With default rates on the rise, mortgage-lending standards being tightened and $500 billion in adjustable-rate mortgages to be reset in 2007, we can expect the return of a half-million houses to a bloated inventory of unsold homes in the next six months. The collateral damage from the housing market is already baked in the cake: Expect a continued slump in residential construction activity and employment, lower house prices that will force more subprime lenders to the wall and put strains on the most leveraged parts of the financial system and a slowdown in consumption expenditures.

These bits and pieces suggest that enough evidence is around to justify preparing for a storm. Based on the recent course of events, one business-cycle scenario that merits consideration was fully developed in the 1930s by Friedrich von Hayek, a Nobelist and leader of the Austrian school of economics. For Hayek and the Austrians, things go wrong when a central bank sets short-term interest rates too low and allows credit to expand artificially. The result is an asset-price boom. Asset-price booms sow the seeds of their own destruction: They end in slumps.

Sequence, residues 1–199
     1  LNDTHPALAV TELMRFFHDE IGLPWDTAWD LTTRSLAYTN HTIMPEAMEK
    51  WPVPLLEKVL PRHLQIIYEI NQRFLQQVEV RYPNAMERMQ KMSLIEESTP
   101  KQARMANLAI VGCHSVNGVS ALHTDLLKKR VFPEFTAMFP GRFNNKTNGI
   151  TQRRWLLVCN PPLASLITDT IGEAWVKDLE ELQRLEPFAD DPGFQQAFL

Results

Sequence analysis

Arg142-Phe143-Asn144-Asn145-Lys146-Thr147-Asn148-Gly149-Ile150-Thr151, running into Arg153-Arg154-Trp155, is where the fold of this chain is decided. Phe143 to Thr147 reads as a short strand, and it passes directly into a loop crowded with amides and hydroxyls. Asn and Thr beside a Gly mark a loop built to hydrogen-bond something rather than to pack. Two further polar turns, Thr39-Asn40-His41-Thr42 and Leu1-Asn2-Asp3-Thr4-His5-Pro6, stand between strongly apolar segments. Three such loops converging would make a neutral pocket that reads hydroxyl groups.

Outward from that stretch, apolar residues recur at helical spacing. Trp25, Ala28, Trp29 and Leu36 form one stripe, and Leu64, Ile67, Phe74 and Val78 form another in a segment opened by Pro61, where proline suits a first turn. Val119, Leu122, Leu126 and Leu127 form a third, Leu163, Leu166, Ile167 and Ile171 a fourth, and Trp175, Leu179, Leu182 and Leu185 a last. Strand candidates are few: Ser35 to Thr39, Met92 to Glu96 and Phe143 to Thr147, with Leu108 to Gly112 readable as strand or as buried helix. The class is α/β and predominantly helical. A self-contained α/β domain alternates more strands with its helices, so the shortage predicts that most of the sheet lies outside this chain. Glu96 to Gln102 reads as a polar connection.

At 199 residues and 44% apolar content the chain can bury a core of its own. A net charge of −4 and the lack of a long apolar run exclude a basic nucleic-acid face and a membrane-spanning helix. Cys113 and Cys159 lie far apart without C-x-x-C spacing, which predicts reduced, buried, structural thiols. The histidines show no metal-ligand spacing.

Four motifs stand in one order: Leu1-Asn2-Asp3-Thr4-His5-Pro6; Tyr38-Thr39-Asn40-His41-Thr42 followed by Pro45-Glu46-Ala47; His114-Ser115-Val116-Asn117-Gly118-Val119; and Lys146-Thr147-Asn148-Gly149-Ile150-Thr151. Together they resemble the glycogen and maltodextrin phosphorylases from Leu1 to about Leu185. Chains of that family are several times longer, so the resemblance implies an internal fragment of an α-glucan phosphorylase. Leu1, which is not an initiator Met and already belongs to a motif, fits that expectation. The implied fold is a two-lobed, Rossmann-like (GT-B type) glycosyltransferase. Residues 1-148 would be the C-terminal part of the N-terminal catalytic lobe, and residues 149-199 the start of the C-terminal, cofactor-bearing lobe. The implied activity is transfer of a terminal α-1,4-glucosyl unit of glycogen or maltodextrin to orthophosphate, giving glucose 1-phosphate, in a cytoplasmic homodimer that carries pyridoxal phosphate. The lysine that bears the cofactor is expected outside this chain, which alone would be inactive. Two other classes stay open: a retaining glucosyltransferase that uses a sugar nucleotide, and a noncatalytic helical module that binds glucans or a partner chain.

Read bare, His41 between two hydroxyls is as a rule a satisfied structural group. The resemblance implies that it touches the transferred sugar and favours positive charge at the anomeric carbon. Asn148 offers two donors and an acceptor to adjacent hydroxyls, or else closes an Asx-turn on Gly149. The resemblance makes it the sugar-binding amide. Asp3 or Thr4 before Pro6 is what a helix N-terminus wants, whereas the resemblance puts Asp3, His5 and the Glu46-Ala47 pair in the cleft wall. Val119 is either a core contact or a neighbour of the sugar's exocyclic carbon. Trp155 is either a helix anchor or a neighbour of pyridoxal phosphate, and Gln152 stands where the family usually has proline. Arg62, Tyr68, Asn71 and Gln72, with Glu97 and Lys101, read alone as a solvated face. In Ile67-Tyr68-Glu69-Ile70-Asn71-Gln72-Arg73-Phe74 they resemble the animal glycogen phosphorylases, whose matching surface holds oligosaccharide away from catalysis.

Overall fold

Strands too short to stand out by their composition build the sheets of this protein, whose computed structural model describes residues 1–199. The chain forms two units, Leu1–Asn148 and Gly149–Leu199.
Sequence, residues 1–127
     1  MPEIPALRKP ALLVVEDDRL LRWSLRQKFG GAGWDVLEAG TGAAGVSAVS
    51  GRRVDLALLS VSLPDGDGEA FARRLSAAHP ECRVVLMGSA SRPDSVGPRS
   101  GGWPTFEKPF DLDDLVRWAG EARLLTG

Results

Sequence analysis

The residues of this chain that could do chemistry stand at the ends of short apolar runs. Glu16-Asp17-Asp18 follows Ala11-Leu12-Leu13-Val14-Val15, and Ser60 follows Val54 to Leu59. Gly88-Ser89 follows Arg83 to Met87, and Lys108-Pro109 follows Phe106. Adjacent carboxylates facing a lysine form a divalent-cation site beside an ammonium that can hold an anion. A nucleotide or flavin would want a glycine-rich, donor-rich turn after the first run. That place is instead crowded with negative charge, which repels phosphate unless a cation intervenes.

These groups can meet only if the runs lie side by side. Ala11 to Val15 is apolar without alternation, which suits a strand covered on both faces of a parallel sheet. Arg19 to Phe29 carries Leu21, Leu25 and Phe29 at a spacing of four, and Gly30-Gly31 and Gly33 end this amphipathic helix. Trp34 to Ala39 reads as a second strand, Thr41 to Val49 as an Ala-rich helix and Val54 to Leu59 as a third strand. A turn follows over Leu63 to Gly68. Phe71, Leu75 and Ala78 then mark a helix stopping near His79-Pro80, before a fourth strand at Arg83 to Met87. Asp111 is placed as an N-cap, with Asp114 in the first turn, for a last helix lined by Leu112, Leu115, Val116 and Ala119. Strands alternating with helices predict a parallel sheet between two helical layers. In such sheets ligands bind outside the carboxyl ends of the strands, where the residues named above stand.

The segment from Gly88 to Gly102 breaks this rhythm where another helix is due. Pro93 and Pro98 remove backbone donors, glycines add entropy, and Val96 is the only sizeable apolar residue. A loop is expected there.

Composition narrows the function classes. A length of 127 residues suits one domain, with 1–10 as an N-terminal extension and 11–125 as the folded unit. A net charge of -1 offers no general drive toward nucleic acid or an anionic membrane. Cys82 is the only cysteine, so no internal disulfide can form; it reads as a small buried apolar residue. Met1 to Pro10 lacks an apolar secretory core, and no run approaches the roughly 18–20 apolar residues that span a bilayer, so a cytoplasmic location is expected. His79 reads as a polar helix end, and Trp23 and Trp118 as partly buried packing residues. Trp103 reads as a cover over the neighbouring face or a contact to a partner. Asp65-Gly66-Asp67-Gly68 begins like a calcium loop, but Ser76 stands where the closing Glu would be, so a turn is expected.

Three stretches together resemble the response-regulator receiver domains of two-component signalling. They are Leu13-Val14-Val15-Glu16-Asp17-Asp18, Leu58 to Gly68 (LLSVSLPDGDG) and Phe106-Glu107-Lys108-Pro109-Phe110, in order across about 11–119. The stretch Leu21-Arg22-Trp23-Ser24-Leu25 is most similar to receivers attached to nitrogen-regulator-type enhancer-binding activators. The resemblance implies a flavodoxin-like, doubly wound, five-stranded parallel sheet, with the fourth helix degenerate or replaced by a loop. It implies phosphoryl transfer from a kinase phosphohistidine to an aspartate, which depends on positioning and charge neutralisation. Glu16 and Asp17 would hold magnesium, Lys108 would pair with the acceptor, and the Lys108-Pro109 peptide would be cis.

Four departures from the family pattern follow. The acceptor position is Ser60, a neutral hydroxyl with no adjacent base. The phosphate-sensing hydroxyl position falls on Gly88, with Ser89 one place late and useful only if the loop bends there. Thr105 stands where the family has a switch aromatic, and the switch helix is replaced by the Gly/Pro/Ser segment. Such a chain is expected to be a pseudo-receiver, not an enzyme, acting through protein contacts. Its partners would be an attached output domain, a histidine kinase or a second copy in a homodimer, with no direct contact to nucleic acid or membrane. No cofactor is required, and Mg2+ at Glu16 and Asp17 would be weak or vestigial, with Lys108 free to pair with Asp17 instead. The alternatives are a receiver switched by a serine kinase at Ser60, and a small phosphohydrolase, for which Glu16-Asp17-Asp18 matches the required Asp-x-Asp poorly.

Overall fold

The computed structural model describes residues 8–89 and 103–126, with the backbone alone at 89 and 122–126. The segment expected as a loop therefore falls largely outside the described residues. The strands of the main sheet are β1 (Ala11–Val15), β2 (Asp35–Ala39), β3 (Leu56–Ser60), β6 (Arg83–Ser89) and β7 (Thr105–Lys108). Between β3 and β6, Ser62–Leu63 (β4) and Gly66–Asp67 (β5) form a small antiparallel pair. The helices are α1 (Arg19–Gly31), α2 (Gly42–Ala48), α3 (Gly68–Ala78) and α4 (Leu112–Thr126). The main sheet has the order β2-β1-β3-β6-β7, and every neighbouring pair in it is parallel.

During the slumps the economy is vulnerable to what Austrians termed a "secondary deflation," where banks call in loans and are stingy about extending credit. Households produce their own version, liquidating riskier assets (like stock mutual funds) and moving into cash and government bonds. In the economy at large, investment and consumption suffer.